Programming micro:bit with Tynker Blocks

Programming micro:bit with Tynker Blocks

Programming micro:bit with Tynker Blocks

With the new Tynker Workshop, you can now build micro:bit programs using Tynker Blocks. Block coding is a great option for anyone who wants to start experimenting with the micro:bit programmable computer. Whether you want to build a robot or design a game, the available library of blocks is a great starting point. Additionally, the newly launched micro:bit 101 coding course is available as part of Tynker’s premium home and school plans.

Getting your micro:bit

This course requires a micro:bit to run the projects. We recommend that you purchase the micro:bit Go Kit that is available through leading online locations such as Amazon, Adafruit, Sparkfun and Newark. The Go Kit includes the micro:bit microcontroller board, SB cable, battery pack, and 2 AAA batteries.

The micro:bit has built-in sensors for motion sensing, temperature, on-board buttons and an array of LEDs. In addition, you can purchase external accessories such as piezo speakers, motors, cables, and alligator clips to extend your project beyond the board. There are also several packaged micro:bit expansion kits available, such as Adeept and Hummingbird.

Building your first micro:bit program

It is really simple to get your first micro:bit program running.

Under Create, you’ll now see a new micro:bit category. Choose “Blank project” to create a new micro:bit program.

When Tynker Workshop opens, you’ll notice a few blocks that we’ve already added just to get you started.

To run this program, you’ll have to “flash” or transfer your code to the micro:bit.

Flashing your code via USB cable

Make sure that your micro:bit is plugged in to your computer using a USB cable. Your computer should detect the micro:bit as a USB drive called “MICROBIT”.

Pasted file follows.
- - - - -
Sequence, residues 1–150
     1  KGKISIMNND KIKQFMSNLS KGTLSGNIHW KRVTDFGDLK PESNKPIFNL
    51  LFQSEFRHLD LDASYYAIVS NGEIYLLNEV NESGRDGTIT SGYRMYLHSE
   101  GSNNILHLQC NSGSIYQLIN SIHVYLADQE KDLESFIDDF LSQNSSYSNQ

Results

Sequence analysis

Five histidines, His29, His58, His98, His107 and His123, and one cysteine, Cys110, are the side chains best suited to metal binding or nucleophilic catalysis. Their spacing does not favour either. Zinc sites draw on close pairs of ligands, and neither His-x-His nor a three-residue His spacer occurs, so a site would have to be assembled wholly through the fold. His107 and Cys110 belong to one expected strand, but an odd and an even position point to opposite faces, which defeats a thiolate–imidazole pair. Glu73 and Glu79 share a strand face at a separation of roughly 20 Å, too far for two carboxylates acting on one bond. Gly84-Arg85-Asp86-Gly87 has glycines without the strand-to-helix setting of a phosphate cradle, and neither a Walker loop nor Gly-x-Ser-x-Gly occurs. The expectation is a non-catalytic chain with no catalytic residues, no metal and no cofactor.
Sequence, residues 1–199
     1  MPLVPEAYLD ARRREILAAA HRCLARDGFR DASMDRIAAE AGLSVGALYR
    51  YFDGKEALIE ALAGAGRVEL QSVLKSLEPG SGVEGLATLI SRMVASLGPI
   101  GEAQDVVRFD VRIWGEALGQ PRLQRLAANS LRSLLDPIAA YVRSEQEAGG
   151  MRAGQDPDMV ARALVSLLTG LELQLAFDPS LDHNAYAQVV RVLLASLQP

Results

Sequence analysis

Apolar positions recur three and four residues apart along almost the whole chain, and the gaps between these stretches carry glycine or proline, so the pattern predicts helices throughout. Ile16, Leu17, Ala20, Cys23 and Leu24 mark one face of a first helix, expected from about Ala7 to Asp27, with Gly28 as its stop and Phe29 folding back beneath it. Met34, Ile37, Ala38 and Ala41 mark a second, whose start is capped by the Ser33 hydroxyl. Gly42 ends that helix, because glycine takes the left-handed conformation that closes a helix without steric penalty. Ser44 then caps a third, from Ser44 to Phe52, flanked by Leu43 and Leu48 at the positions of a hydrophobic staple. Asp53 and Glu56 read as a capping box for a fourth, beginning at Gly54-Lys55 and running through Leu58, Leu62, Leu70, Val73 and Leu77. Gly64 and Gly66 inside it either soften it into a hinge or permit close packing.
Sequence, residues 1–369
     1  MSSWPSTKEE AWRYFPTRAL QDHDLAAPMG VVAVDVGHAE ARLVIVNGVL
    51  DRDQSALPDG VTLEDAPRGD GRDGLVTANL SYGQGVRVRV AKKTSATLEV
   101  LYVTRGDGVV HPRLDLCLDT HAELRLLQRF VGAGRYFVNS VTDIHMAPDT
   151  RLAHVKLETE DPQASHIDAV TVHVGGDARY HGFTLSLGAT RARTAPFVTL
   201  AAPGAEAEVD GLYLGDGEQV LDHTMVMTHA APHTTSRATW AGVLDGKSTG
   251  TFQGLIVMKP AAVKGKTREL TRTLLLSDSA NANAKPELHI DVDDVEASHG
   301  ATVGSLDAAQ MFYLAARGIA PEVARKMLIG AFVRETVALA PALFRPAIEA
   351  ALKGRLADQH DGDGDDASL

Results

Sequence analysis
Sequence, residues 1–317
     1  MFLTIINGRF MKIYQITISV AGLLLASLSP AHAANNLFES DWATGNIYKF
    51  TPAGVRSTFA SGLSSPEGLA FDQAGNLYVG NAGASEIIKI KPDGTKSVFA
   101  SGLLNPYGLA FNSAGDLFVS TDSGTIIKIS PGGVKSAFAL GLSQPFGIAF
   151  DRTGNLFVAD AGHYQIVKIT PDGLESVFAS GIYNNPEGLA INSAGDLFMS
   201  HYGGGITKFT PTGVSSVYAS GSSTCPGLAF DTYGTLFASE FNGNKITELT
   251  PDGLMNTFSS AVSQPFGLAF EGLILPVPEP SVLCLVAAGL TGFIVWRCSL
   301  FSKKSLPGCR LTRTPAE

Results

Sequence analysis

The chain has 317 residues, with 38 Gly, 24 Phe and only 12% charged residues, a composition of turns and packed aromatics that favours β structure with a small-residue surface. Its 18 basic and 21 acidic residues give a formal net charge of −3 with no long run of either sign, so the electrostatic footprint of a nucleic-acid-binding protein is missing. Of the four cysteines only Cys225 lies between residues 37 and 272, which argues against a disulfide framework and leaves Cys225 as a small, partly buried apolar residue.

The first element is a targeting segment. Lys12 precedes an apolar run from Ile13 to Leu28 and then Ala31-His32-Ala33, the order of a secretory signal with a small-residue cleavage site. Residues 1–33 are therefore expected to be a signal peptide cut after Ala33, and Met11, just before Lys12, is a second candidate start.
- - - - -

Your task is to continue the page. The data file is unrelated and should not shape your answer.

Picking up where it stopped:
1. Click the Play button in Tynker Workshop, and a modal dialog appears with these instructions.
  2.  Click on the “Download HEX File” button to download the compiled file. (HEX is short for hexadecimal and a format of code used for microcontrollers like the micro:bit).
  3. Drag the HEX file into the USB drive. 

Once your code transfer completes, your micro:bit will restart and run the code.

Try changing the message to “Hello micro:bit” and run your new code!

Flashing your code via Bluetooth (no cables!)

If you are using Tynker in a Chrome browser, you can flash your code using Bluetooth, eliminating the need for any cables. Note that for the very first time (only), you’ll need to flash the code via USB, and this sets up the micro:bit to receive code via Bluetooth. Check here to see if Web Bluetooth is supported by your browser.

Programming the micro:bit using Tynker Blocks

Explore the available block categories in Tynker Workshop under the “hardware” category. You’ll see a range of new sub-categories and blocks just for the micro:bit. These are the new sub-categories of blocks:

  • Display – Use these blocks to program the 5X5 LED grid. The display block allows you to set specific LEDs to ‘on’ or ‘off’. You may also use other blocks to display scrolling text, display predefined “emojis,” and read the current setting of an LED.
  • Buttons – There are 2 buttons on micro:bit that you can use in your programs. Use the blocks in this category to detect and program the button-press events.